It’s beginning to look a lot like a hot, sizzling summer. For those of you raring to get some yard work done, here are some good-to-know facts (and some maintenance myths) before you snap on those gardening gloves.

Dog pee makes your grass lush

Myth

dog pee grass lawn damage

Image courtesy of New Garden Select

Man’s best friend is not really a fertiliser provider. I have spoken to some homeowners, proud of their lush green blades, bristling bright and dewy in the morning sun, smooth as silk when walked upon barefoot and they are all too glad to share their secret recipe: “we let Murphy pee around the yard once in awhile. It’s great for the grass!”

NOT! Notice those bald spots on that otherwise green vista that is your backyard? Literally termed turf injury or turf death by landscapers, the spots are caused by the nitrogen-containing compounds present in dog urine. Homeowners are thrown by the fact that sometimes there is a rapid growth of tufts of grass where turf injury occurs, but close inspection will reveal that the tufts actually form a ring around a brown, dried out spot.

Other myths birthed from this one are that sprinkling some baking soda or pouring diluted dishwashing liquid over the affected area magically transforms it. Not true. Nothing works except good old water. Keep watering the affected area AND train that pup already!

The best way to avoid urine spots is to have your canine do his business over some gravel or mulched area in your yard and keep your yard hydrated.

Your yard needs a weekly cut

Not a myth

mow lawn weekly myth

Image courtesy of GreenSocks

The argument is “How can it hurt”- letting the grass go uncut for a couple of weeks can’t harm the yard too much, can it? In fact, letting the grass grow beyond a week without a trim makes the quality of the grass stringy and limp.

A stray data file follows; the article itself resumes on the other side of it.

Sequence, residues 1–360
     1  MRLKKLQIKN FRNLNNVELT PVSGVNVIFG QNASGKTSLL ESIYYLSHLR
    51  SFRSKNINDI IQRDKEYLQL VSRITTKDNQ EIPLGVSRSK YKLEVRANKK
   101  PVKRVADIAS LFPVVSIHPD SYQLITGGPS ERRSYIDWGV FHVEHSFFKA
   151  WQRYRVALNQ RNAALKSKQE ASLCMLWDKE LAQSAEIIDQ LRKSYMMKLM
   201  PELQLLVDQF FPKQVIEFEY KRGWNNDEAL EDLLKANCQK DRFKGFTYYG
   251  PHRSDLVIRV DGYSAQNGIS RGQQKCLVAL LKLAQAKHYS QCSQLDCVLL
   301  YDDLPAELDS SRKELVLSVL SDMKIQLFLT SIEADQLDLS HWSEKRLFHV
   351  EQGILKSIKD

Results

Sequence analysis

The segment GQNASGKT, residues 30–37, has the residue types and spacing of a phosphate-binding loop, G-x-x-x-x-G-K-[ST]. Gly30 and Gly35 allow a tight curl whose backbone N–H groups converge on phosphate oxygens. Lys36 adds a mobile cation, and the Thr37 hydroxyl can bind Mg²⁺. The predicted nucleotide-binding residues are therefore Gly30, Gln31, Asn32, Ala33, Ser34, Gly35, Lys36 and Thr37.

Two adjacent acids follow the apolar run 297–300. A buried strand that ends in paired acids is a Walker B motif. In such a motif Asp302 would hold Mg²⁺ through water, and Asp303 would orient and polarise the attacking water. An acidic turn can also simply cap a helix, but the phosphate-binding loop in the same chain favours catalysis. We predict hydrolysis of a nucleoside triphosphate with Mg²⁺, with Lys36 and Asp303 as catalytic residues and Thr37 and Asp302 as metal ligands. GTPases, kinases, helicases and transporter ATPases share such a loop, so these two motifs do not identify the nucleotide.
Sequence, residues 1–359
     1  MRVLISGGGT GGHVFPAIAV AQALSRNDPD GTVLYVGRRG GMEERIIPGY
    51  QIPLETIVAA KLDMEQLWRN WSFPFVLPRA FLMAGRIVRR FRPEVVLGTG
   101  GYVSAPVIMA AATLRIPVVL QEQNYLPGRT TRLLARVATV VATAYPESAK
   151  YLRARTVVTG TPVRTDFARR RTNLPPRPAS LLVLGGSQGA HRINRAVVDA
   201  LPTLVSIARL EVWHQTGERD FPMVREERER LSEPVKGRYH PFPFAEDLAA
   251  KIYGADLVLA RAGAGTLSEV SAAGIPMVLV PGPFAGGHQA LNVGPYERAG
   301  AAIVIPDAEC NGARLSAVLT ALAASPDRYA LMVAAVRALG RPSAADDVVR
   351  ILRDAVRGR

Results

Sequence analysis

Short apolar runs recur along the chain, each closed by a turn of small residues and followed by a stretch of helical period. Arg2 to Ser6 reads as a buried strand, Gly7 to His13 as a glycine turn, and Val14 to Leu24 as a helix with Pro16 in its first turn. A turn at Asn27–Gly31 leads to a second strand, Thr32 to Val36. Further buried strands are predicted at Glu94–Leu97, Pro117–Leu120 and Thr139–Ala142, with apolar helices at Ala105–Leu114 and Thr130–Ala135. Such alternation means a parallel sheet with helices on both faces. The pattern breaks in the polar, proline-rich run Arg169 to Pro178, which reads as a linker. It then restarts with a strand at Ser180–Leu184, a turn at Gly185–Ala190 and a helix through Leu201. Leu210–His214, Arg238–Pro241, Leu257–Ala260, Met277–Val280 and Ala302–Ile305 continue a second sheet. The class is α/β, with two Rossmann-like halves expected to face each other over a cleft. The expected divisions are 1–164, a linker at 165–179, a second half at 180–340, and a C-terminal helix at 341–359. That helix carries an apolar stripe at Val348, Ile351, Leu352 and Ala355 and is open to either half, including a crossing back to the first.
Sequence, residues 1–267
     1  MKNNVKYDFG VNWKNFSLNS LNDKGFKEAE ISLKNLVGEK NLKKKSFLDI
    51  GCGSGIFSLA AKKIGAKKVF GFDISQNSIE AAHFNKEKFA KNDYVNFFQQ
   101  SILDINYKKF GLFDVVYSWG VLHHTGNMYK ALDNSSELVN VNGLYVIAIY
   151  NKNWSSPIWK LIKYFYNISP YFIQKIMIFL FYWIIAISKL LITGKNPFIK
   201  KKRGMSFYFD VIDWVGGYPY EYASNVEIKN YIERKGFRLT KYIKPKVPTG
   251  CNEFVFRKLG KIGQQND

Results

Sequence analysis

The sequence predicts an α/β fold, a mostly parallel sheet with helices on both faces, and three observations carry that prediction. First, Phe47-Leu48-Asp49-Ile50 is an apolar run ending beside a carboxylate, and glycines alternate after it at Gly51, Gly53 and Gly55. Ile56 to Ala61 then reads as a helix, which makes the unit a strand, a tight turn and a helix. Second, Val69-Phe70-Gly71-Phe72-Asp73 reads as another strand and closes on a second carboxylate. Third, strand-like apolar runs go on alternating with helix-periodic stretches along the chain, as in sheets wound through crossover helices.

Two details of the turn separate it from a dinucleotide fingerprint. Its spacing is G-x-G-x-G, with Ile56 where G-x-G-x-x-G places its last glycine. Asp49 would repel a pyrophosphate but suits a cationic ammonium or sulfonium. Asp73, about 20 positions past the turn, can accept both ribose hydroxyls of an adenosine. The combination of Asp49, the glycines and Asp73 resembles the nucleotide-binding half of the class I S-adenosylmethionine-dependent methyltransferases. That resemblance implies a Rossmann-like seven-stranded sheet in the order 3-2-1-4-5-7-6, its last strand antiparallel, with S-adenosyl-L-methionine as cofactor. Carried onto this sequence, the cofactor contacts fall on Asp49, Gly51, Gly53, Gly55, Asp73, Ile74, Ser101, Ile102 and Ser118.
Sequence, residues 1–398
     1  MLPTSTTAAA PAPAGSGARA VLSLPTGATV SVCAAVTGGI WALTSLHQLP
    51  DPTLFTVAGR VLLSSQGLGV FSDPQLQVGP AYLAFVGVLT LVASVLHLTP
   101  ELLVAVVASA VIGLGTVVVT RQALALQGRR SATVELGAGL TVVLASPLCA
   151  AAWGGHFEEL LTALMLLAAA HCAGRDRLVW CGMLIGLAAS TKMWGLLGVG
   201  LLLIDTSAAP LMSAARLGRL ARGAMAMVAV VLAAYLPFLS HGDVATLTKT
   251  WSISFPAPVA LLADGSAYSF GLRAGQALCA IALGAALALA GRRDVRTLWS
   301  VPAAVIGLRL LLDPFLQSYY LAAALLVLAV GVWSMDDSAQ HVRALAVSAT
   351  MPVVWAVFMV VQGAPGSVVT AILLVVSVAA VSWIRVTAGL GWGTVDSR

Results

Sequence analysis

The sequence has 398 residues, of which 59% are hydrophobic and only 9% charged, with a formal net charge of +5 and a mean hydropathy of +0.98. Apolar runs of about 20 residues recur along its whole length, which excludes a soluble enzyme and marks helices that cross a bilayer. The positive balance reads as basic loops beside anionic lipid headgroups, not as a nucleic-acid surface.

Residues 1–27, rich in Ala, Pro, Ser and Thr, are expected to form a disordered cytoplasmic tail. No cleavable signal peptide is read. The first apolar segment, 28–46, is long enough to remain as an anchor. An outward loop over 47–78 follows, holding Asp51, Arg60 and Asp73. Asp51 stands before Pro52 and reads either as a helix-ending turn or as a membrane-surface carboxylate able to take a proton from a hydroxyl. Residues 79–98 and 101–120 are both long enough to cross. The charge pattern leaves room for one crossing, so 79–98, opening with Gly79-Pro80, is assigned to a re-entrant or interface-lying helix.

You want your grass to be substantial and luxuriant. If you let your grass grow too long, chances are that when you do actually cut, you might cut too much. This opens up your lawn to all sorts of weed damage or various diseases affecting grass owing to a piece of the leaf being removed-the surface determines the plant’s food production during photosynthesis. Removing too much of the leaf surface affects root growth, draws on stored energy in the roots and essentially starves the grass. So if you want that lovely golf course grass, don’t mow once but TWICE a week!

Watering by hand is more effective

Not a myth

water lawn by hand

Image courtesy of Cellfast

There is such a thing as too much water for your yard. For starters, your fertilizer may get washed away, so that’s a waste and your plants will suffer. Too much water will also cause your grass to grow at a faster rate than usual which leads to the danger of scalping (cutting your grass so low that you expose the stems of the grass blades) which causes weed growth, disease and generally lacklustre grass.

The stores are choc a bloc with sprinklers, irrigation systems and moisture meters that can help you with your watering problem but why not save a chunk of change and hand water your lawn with a simple garden hose fitted with a good quality nozzle!

And to bust another myth, using automated irrigation systems doesn’t actually help conserve water. These systems are usually water your yard every few days and some yards don’t even need that much water-especially this year when regular and consistent rain has pretty much ensured that you don’t need to turn that tap on.

If you are a seasoned gardener and know how much water each of your plants need (stores like Home Depot and Terra have exhaustive guides about quantity and time of watering), then the best non-wasteful way of hydrating your lawn is the thumb-over-hose technique where you can control the amount you spend.